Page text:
Auditing is a difficult subject to teach, as practical experience is often required to ensure a complete understanding of the subject matter. This research was undertaken to develop an audit teaching resource which would enable university students to put their technical knowledge into practice, and expose them to both the technical issues and the sort of critical scepticism and ethical awareness required in modern auditing. This research report seeks to identify the features that a university audit course and teaching resource should include as well as the transferable skills that are thought essential for a career in accounting and audit. The report gathers the views of university academics, university students, qualified audit practitioners and trainee accountants. The findings of the research, whilst used to develop a software package, called SCAM, also provide an insight into the wider needs of a university ‘audit course’. The report details the development and use of this package. The objective is for students to plan the audit of SCAM plc, whilst developing their critical and analytical skills, questioning ability, communication skills and team working ability.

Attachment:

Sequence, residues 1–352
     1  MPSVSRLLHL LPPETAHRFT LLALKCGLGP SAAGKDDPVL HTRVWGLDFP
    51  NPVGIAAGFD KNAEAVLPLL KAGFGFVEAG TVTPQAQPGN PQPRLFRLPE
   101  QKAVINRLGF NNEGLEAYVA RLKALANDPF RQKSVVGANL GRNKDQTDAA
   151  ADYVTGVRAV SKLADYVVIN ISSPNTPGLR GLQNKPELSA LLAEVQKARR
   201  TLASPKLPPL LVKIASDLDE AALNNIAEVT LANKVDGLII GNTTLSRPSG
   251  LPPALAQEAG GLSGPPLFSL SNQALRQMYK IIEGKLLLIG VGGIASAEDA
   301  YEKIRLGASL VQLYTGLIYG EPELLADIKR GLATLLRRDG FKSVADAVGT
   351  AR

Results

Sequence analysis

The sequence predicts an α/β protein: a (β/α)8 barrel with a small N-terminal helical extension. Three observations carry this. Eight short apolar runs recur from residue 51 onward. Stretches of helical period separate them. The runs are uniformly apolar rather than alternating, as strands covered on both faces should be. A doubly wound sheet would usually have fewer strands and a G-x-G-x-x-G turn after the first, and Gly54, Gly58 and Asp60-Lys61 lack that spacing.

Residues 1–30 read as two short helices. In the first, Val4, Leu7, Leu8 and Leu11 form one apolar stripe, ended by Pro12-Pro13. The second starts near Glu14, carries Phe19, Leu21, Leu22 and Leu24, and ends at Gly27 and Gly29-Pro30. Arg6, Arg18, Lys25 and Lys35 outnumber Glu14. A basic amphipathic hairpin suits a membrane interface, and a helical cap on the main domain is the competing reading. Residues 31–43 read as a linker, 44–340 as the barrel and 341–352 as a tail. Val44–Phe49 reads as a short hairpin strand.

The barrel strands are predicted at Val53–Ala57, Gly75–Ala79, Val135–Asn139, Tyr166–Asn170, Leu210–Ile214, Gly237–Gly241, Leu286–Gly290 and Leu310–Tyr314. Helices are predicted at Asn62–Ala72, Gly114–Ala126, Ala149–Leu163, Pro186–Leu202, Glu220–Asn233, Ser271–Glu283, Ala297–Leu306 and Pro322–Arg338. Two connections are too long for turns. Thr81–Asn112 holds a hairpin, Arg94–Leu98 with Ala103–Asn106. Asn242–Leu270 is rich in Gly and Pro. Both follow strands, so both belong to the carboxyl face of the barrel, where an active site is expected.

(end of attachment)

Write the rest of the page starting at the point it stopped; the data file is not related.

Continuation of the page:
|Place of Publication||United Kingdom|
|Publisher||The Institute of Chartered Accountants of Scotland|
|Number of pages||199|
|Publication status||Published - Mar 2007|